Johnson & Johnson ($JNJ) CEO Bill Weldon (photo) saw his pay package slip a bit last year as a rapid-fire blitz of product recalls helped taint the company’s reputation and overall sales declined for a second year in a row. But he still earned close to $29 million and warm praise from the board, which cited his leadership as a key asset.
"The board believes that Mr. Weldon generally met expectations during 2010, a year with many successes and very visible challenges." He took home $28.7 million in total compensation, down 7 percent from the $30.8 million he earned in 2009. The board granted Weldon, 62, a 3 percent pay hike for merit in February.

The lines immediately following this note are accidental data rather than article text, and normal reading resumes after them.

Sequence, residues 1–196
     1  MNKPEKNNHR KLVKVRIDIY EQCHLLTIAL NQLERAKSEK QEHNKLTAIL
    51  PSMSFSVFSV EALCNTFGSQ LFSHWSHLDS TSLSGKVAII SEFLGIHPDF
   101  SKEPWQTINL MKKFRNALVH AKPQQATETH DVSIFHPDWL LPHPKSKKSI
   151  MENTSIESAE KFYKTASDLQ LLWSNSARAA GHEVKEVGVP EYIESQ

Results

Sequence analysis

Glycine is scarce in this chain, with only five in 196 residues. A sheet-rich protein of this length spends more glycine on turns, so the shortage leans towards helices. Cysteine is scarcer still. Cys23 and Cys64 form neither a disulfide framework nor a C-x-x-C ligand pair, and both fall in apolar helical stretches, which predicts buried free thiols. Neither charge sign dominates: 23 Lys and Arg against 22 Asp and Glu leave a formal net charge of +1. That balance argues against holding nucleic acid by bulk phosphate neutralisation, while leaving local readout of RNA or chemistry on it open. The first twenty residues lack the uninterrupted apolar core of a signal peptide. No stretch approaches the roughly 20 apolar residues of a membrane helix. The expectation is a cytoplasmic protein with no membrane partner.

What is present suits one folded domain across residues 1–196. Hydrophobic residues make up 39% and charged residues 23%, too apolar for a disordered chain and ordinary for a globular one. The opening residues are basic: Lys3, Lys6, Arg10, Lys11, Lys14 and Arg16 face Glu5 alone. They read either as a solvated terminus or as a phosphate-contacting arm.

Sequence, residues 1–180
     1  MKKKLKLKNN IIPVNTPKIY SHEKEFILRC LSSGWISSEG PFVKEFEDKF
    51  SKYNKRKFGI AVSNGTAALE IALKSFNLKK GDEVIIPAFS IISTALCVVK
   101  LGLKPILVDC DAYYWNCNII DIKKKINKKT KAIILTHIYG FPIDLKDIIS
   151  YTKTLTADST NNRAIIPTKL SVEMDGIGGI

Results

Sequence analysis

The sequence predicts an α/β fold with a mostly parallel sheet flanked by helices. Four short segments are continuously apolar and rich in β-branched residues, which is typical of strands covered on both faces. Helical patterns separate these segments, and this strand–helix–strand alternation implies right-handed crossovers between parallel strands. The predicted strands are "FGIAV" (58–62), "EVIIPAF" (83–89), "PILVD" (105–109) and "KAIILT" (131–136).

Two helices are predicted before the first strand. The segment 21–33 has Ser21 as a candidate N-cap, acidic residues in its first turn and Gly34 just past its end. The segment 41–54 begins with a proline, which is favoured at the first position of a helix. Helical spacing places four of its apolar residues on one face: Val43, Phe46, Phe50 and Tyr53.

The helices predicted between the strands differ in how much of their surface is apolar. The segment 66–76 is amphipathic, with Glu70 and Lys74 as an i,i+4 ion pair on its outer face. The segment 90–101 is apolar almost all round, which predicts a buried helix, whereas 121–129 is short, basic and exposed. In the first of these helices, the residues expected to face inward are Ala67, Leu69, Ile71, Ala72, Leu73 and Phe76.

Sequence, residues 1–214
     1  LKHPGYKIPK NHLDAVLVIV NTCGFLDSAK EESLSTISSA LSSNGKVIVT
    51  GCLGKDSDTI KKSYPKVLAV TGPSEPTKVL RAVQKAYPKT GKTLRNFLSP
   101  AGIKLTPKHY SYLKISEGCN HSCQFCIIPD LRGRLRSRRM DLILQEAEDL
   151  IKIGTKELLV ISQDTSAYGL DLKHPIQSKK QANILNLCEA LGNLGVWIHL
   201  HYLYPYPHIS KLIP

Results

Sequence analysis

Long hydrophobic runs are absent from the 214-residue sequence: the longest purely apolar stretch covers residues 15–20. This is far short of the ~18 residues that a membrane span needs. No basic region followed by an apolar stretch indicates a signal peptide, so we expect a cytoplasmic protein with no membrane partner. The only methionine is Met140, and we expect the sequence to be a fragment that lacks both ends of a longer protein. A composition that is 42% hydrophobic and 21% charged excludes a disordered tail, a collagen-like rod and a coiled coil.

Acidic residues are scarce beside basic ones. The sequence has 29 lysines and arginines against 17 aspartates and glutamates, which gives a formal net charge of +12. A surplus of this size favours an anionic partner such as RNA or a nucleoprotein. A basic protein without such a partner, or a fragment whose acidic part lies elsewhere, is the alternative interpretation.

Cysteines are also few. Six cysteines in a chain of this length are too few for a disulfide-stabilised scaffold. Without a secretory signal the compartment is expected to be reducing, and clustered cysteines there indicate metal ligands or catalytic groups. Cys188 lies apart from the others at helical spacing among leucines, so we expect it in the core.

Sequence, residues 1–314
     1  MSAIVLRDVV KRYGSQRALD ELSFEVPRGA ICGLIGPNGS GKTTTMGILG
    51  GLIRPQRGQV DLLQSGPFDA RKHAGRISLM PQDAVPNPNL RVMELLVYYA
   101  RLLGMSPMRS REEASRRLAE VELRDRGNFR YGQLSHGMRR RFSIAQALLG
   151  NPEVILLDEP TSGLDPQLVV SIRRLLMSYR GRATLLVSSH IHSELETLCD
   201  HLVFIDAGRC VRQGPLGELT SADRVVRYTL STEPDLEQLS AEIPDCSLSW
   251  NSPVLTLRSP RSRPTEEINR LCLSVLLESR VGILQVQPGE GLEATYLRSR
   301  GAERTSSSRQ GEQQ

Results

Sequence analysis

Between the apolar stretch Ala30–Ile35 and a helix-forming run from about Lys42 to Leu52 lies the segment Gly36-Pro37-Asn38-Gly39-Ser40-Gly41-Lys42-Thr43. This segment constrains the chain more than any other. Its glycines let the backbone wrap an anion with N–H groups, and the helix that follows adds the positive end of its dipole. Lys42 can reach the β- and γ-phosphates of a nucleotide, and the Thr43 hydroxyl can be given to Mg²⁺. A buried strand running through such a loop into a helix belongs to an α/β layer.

However, not everyone is so quick to praise Weldon--especially after the company shed $18.5 billion in market value since the beginning of 2009. Product recalls have hit medical devices as well as key products like Tylenol, leading some analysts to question the corporate culture that could lead to such embarrassing headlines.
Reuters characterized the board’s move as an apparent “disconnect with a steady stream of bad news.”
"Obviously there are some endemic problems at the company that need to be addressed," Michael Dauchot, a senior analyst at RCM Capital Management, tells Reuters. But the board isn't pinning the blame on Weldon. "The company's decentralized strategy approach to business has kind of backfired on them."